Eris, Greek Goddess of Discord

Trojan War Veterans Say "Thanks a Lot, Eris!"

The rollicking wedding of Peleus and Thetis, which Eris ruined. Heritage Images/Contributor/Getty Images

In Greek mythology, Eris was the goddess of discord or the personification of strife. She caused a lot of trouble when she got up to mischief, but the Greeks soon learned that they had to honor Eris … or else!

Bad to the Bone

Eris - a.k.a. "Strife" in a lot of modern translations of Greek texts - was a problem child from birth. In his Theogony, Hesiod lists her mama as Night (Nyx), who, without having a guy around, spawned her own kids.

Her brood wasn't the nicest group of kids: it included the Fates, Doom, and Death. Hesiod adds, "Also deadly Night bare Nemesis (Indignation) to afflict mortal men, and after her, Deceit and Friendship and hateful Age and hard-hearted Strife." Talk about starting out life on the wrong foot!

Eris's own children were ones to make a black-hearted mother proud. According to Hesiod, "...abhorred Strife bare painful Toil and Forgetfulness and Famine and tearful Sorrows, Fightings also, Battles, Murders, Manslaughters, Quarrels, Lying Words, Disputes, Lawlessness and Ruin, all of one nature, and Oath who most troubles men upon earth when anyone wilfully swears a false oath."

In another of his great texts, , Hesiod - or his brother, Perses, who's the narrator - says that there were two kinds of Erises/Strifes. One is the Eris we think of today, the "one [whp] fosters evil war and battle, being cruel: her no man loves; but perforce, through the will of the deathless gods, men pay harsh Strife her honour due." This is the one Homer dubs, in Book IV of the Iliad, "sister and friend of murderous Mars," a.k.a. Ares, meaning she'd be the daughter of Zeus and Hera.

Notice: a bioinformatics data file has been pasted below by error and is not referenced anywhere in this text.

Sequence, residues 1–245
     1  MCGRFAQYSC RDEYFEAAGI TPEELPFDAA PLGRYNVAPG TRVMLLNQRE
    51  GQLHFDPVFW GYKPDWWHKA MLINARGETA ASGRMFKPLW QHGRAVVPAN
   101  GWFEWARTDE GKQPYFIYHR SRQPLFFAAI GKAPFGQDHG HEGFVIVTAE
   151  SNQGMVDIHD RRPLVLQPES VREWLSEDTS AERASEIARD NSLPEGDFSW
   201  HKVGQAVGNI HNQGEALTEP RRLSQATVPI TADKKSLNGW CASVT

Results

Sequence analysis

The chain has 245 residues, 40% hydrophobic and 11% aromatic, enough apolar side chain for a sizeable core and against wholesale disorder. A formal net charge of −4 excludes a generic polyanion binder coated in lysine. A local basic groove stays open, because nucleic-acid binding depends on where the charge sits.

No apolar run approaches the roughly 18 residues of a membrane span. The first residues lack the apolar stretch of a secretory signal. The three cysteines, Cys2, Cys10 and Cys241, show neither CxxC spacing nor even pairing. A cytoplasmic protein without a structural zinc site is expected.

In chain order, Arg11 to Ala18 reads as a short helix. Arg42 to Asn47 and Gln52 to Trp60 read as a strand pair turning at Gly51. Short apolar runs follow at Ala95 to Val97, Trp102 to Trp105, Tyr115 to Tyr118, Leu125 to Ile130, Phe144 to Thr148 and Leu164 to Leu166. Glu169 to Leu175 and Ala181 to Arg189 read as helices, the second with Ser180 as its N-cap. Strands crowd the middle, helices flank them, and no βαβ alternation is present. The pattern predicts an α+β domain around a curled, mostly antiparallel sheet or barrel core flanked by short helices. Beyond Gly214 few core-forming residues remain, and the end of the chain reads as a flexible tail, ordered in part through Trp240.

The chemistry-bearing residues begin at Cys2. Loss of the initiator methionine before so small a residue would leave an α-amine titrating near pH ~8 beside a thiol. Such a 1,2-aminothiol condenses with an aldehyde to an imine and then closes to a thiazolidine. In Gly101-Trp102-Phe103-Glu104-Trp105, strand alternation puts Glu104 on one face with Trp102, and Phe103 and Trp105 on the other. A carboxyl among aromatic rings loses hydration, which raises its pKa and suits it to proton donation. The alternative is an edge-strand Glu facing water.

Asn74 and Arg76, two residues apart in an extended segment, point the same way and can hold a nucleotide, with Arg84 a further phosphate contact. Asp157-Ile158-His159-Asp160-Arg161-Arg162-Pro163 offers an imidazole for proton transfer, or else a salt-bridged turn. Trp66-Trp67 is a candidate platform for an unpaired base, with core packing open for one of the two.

But there's also the daughter of Nyx and Zeus, who bears the same name; she encourages men to be ambitious. Writes Hesiod, " she is far kinder to men. She stirs up even the shiftless to toil; for a man grows eager to work when he considers his neighbour, a rich man who hastens to plough and plant and put his house in good order; and neighbour vies with is neighbour as he hurries after wealth." Sure, Eris II causes jealousy amongst men, but she fosters good competition in the process.

The Wedding That Went to Hades

​Eris is perhaps most famous for her role in starting the Trojan War. Some, like Apollodorus in his Epitome, ​say that Zeus just wanted his baby girl, Helen, to be famous, so he made sure a war started over her. But the more common story starts when Zeus fell for a nymph named Thetis.

The only problem, besides the fact he was already married: Thetis was destined to bear her husband or lover a son that was greater than his dad, as Prometheus prophesies in Aeschylus's play Prometheus Bound. Given that was a problem Zeus faced with his own father, Cronus (whom he overthrew), the king of the gods decided he couldn't hit on Thetis … so he gave her to a great mortal hero, Peleus. It was fine if that guy had a really great kid!

As Thetis and Peleus planned their wedding ,they deliberately left Eris off the invite list. They wanted a peaceful wedding. But Eris was ticked off, so, in revenge, she tossed the infamous Apple of Discord amongst the guests. The apple said "to the fairest" on it, so only the most beautiful of the goddesses present should possess it. 

Aphrodite, Athena, and Hera began to argue over the rightful owner of the apple. They couldn't decide among themselves who deserved it, so "Zeus commanded Hermes to lead them to [Paris] Alexander on [Mount] Ida in order to be judged by him," recalls Apollodorus.

Paris wasn't yet a prince of Troy: he had been cast out at birth because of a dream his mother, Hecuba, had when she was pregnant that intimated he'd bring destruction to Troy. At that time, he was just a local hottie living as a shepherd, but he had such a reputation for his good looks that Zeus deemed him worthy to judge between the goddesses.

The three contestants decided to offer bribes to the judge. "Hera said that if she were preferred to all women, she would give him the kingdom over all men; and Athena promised victory in war, and Aphrodite the hand of Helen," according to Apollodorus. Paris wasn't the smartest guy: he chose Helen, who was, of course, the most beautiful woman in the world - and already married! So he gave the apple to Aphrodite, who helped him abduct Helen - and kicked off the Trojan War.

And the wedding where the whole problem started off a marriage that, while dysfunctional, also produced Achilles, Greek hero of the Trojan War.

-Edited by Carly Silver